In 1949, the partners of Kwan Chu & Yang split up, with Kwan heading to Taiwan, Chu to Hong Kong and Yang and Young staying in the mainland. In total, Kwan, Chu & Yang designed 110 structures on the mainland between 1920 and 1949, many of them still stand and are considered landmarks of the Republican era (1912-1949). In Taiwan, Kwan served as president of the Architects’ Association and was responsible for projects such as the Taipei City Stadium, the Taiwan Adventist Hospital, the Hu Shih Residence and a number of buildings at the Academia Sinica. However, it was his involvement in the athletic field during his Taiwan years which left a mark. As the founding president of the Republic of China Track and Field Association (now Chinese Taipei Athletics Association) in Taiwan, Kwan personally nurtured and financed many track athletes, including the decathlete Chuan-Kwang YANG (楊傳,1933-2007) whom he encouraged and financed to enroll at UCLA to train under the renowned coach, Ducky Drake, and ultimately won the silver medal at the Rome Olympics in 1960 – the first Olympic medal won by a Chinese athlete. He also helped to launch the career of track star Cheng CHI () in 1958, who went on to win a bronze medal at the 1968 Mexico City Olympics. Sadly, not long after the good news of his protégé Yang winning the Olympic medal, Kwan died of a stroke in Taipei on November 27, 1960. His funeral was attended by over 2000 dignitaries and he received a commendation from Chiang Kai-shek in 1961 for his contributions to architecture and athletics.  

Kwan was predeceased by his first wife Vong-ling LEE, a graduate of Mt Holyoke College, and survived by 6 children. 

SOURCES: MIT Technique yearbooks,  MIT Chinese Students Directory: For the Past Fifty Years, 1931, Phillips Academy Andover Archives and Special Collections. "The New Order Cometh," Stone Chapel, Phillips Academy, 8:15 P.M., August 30 1916, 12th Annual Conference, Eastern Section, C.S.A., 1916, "Princess der Ling's Exhibit of Models, Drawings, and Samples of the Forbidden City, Peking, China." S.S. Kwan, Architect, Los Angeles, California. 1928. S.S. Kwan to A. Stearns, December 20, 1927. Box 28, Correspondence with Chinese Students, Office of the Head of School (Stearns), Phillips Academy Archives & Special Collections. Assistant to the Headmaster to S.S. Kwan, December 28, 1927. Box 28, Correspondence with Chinese Students, Office of the Head of School (Stearns), Phillips Academy Archives & Special Collections. A. Stearns to Samuel Morse, January 9, 1928. Box 28, Correspondence with Chinese Students, Office of the Head of School (Stearns), Phillips Academy Archives & Special Collections. A. Stearns to William H. Crocker, January 9, 1928. Box 28, Correspondence with Chinese Students, Office of the Head of School (Stearns), Phillips Academy Archives & Special Collections. Arthur G. Robinson to A. Stearns, December 14, 1927. Box 28, Correspondence with Chinese Students, Office of the Head of School (Stearns), Phillips Academy Archives & Special Collections. Chinese Students' Monthly.  Wan, Edward I. 2003. History of F.F. Fraternity: Evolution of the First Chinese Fraternity in the United States (1910-2002) = [Ji lan]. U.S.A.: s.n.],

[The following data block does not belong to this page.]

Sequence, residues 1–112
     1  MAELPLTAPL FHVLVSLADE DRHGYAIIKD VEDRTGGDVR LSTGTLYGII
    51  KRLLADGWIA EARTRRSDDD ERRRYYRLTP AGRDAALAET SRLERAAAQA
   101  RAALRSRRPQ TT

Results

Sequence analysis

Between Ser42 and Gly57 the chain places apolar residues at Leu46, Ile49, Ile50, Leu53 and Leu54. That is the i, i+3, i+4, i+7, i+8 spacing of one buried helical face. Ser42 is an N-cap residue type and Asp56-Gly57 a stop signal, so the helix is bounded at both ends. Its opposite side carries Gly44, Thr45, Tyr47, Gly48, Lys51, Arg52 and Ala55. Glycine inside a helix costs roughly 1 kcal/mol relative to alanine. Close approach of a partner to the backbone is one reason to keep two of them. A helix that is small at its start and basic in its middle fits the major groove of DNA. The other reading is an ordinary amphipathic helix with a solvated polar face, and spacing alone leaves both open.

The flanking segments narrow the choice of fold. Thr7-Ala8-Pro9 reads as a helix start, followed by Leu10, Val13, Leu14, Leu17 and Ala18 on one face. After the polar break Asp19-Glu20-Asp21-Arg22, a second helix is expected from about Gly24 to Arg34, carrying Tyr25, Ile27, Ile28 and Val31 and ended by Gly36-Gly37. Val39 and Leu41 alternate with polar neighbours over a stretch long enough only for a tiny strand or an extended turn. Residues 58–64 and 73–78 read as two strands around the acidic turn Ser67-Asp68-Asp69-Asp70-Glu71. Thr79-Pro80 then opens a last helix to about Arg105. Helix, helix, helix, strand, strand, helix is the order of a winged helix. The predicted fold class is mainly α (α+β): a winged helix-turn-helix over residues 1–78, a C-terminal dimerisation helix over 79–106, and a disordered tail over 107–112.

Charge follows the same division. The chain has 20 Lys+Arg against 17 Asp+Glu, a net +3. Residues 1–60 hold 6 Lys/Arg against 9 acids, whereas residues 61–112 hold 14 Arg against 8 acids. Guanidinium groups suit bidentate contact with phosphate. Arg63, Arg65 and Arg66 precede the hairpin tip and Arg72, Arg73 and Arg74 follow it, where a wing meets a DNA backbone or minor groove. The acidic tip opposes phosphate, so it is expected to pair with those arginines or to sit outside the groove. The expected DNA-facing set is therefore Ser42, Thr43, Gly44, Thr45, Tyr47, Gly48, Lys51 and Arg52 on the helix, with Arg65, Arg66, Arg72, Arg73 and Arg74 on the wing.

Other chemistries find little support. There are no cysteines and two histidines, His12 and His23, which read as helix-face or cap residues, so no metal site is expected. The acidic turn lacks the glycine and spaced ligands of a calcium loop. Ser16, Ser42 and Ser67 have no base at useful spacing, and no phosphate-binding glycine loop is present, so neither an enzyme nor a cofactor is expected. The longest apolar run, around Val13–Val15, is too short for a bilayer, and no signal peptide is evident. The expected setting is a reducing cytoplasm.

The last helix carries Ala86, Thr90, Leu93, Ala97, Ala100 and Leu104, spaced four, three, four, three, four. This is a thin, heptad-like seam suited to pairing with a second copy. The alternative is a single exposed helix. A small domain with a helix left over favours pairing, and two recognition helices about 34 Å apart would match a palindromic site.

DESCENDANTS OF YUEN-CHEONG KWAN (1832-1912) & AMUI LAI (1840-1902) - Kwan Family Tree provided by Professor Yvonne Ying-yue Yung

香港開埠與關家》. 作者, 關肇碩, 容應萸. 編者, 關肇碩,容應萸. 出版社, 廣角鏡1996

《中国第一代建筑结构工程设计大师—杨宽麟》,杨伟成主编,天津大学出版社, 2011

建聞築蹟: 香港第一代華人建築師的故事, 吳啓聰, ‎朱卓雄 – 2007, ET Press

Creamer, Robert “The Cobra and CK Yang” Sports Illustrated, Dec 23, 1963